Spring Pledge Drive Thanks
Thank you to our broadcasters and phone volunteers who rearranged their schedules to lend support to our Spring Pledge Drive, but particular appreciation goes out to those listeners who called or web-pledged their support to WMNR Fine Arts Radio last month.Thank you!
Piano Music on WMNR
Mike Shakinovksy of Monday Evening Classics hosts Great Pianists of the 20th Century, Mondays at 8:00 pm. In May he will feature four of the finest on successive Mondays: Martha Argerich, Vladimir Horowitz, Teresa Carreño and Vladimir de Pachman. If you enjoy piano music, also tune in on Sunday, May 12 at 3 pm when we broadcast Emanuel Ax performing Mozart's "Piano Concerto No. 25 in C Major, K 503" with the New York Philharmonic.
Richard Wagner Bicentennial
May 22 marks the bicentenary of Richard Wagner's birth. To mark the occasion Exploring Music with Bill McGlaughlin features the composer in a weeklong series from May 13 to 17, each afternoon at 5:00 pm. As Bill writes, Wagner "stretched tonality and orchestration to their utmost limits."
WMNR's Internet Video
To celebrate our 30th Anniversary there is a new WMNR Fine Arts Radio internet video featuring 27 broadcasters and staff. It is a loving tribute that gives you an inside look at the people who make up the station. Produced by WMNR’s own H. William Stine, with Associate Producer Megan Stine. To view the video click the photo.
Meet Broadcaster David Citronberg
David Citronberg of Tuesday Evening Classics tells us that WMNR Fine Arts Radio is his "first and only radio gig." He has enjoyed the medium since childhood when the Saturday evening symphony broadcasts would keep him company when his parents went out. Since then, and over his 26 years at WMNR, David has expanded his knowledge of composers and seen radio technology change dramatically.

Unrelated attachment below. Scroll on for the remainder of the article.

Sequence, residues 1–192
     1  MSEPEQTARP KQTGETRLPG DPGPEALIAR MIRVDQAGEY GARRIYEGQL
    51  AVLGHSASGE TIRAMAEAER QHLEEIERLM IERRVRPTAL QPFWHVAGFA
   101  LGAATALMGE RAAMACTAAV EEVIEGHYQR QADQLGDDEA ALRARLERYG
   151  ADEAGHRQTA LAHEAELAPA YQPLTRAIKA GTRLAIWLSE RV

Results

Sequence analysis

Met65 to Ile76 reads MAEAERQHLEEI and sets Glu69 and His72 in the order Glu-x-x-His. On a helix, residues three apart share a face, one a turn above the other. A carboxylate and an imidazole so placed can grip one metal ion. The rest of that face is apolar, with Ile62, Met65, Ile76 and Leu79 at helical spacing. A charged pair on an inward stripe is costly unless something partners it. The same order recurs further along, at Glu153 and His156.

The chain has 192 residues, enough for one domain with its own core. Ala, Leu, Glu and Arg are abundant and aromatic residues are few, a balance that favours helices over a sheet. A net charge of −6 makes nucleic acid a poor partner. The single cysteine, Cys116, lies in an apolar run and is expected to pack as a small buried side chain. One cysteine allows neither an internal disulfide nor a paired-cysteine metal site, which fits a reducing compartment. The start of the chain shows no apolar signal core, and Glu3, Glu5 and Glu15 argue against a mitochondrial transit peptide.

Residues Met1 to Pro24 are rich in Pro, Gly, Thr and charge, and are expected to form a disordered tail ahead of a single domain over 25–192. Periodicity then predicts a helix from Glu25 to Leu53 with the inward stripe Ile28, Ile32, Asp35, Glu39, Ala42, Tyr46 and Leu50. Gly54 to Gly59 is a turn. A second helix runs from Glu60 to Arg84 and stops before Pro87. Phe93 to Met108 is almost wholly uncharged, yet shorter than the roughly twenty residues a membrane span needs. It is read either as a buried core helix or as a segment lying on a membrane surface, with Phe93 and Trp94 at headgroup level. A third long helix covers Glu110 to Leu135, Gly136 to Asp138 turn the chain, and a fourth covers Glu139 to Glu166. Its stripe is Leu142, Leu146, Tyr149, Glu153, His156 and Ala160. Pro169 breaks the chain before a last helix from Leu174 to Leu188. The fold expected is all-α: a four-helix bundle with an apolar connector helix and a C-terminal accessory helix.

When David puts together his program he has no particular approach, rather he puts together favorites with pieces he has heard elsewhere that he'd like to share with his listeners. Most of his selections can be found amongst the thousands of CDs in the WMNR library. He keeps the fact that his program is two hours long in mind, as he doesn't want to use of too much of that time on a single long piece.
Says David "I like to spread it around, but it is always music designed to uplift. I enjoy powerful music." He rarely plays contemporary composers, but will mix in some Copland from time to time. His favorite era is the Romantic period and he names Beethoven's "Ninth Symphony" as the "finest piece of music ever written." David tells us the greatest benefit to be derived from WMNR is that the broadcasters pick their own music and create their own playlists. "I pick the music for myself and when I pick it for me, I'm really picking it for you."
To read WMNR's Theatre Reviews with Rosalind Friedman click here